“Beautifully written, painfully honest” first-person accounts of racial profiling, as experienced by twelve black men from all over America (Michelle Alexander, author of The New Jim Crow).
In an era of contentious debate about controversial police practices and, more broadly, the significance of implications of race throughout American life, 12 Angry Men is an urgent, moving, and timely book that exposes “a serious impediment to the collective American Dream of a colorblind society” (Pittsburgh Urban Media).
In this “extraordinarily compelling” book, a dozen eloquent authors tell their own personal stories of being racially profiled. From a Harvard law school student tackled by a security guard on the streets of Manhattan, a federal prosecutor detained while walking in his own neighborhood in Washington, DC, and a high school student in Colorado arrested for “loitering” in the subway station as he waits for the train home, to a bike rider in Austin, Texas, a professor at a Big Ten university in Iowa, and the head of the ACLU’s racial profiling initiative (who was pursued by national guardsmen after arriving on the red-eye in Boston’s Logan airport), here are true stories of law-abiding Americans who also happen to be black men (Publishers Weekly).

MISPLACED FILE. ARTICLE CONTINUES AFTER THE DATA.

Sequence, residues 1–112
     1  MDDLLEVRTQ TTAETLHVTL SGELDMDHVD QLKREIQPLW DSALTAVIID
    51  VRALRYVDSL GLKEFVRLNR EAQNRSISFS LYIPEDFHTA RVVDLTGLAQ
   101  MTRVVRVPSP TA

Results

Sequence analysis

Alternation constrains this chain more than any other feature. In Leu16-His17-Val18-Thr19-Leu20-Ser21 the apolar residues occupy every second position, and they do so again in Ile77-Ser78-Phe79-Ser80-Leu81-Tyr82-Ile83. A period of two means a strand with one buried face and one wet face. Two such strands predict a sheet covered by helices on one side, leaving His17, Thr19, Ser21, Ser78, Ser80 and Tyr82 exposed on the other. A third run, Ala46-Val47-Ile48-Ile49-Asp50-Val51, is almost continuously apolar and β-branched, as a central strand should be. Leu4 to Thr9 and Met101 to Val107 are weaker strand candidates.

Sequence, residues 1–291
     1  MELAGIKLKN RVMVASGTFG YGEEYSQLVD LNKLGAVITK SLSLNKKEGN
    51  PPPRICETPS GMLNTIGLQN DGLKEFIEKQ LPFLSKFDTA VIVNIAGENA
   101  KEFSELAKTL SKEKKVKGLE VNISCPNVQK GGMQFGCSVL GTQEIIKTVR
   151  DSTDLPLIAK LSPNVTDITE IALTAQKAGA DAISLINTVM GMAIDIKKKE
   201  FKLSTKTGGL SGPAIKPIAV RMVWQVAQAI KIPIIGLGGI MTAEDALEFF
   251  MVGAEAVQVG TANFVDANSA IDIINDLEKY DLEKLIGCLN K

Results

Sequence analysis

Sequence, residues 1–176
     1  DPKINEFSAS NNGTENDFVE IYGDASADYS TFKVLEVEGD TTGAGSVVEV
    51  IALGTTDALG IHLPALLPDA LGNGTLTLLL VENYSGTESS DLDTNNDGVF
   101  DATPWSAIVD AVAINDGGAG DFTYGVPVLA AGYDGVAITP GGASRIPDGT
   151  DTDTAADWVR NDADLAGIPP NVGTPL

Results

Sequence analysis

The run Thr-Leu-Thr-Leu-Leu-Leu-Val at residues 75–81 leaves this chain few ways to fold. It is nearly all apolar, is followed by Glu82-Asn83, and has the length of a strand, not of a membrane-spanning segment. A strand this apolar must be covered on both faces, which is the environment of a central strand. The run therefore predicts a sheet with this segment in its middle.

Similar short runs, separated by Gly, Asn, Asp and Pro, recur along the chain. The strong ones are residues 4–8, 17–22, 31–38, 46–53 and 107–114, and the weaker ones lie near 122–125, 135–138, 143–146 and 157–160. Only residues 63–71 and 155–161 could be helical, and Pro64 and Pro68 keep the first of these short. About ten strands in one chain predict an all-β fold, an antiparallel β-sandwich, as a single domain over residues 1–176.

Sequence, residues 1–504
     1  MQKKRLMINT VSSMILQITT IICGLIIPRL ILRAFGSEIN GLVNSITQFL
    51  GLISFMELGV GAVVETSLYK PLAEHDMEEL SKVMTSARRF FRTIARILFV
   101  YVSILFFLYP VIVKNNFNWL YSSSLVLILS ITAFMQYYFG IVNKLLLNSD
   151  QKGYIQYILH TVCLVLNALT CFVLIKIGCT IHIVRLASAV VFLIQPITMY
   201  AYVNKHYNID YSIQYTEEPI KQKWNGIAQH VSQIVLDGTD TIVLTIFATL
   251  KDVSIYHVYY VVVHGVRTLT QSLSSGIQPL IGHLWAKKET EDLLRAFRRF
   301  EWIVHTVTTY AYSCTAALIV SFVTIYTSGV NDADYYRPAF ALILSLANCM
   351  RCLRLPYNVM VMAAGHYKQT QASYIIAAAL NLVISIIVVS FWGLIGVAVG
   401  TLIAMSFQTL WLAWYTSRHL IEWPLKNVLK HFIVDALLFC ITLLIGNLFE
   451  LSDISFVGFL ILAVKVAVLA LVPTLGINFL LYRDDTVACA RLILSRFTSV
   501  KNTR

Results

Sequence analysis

Although there is some thematic repetition, these essays on racial profiling are extraordinarily compelling. Contributors include journalists, federal prosecutors, and hip-hop artists; diverse in background, age, and education, they share one identity being black and one rite of passage "the silent reality most black men have to live with," the frequency with which the police demand they produce identity papers; search their bodies, their cars, and their homes; and even maim or murder them for any perceived threat, imaginary and real. Fortunately, these 12 live to tell twice-told tales that still seem new. The congressman, with means, time, and "faith in the judicial system," fights back in court; the sports commentator brings a successful lawsuit. One says, perhaps for all, "In tolerating these transgressions day in and day out, I sometimes feel like my humanity is being chipped away." Legal scholar Guinier's introduction provides a helpful statistical and political context as well as a vigorous argument against the entrenched police practices that undergird the brief potent individual vignettes. Bantamweight in size, this book packs a heavyweight wallop.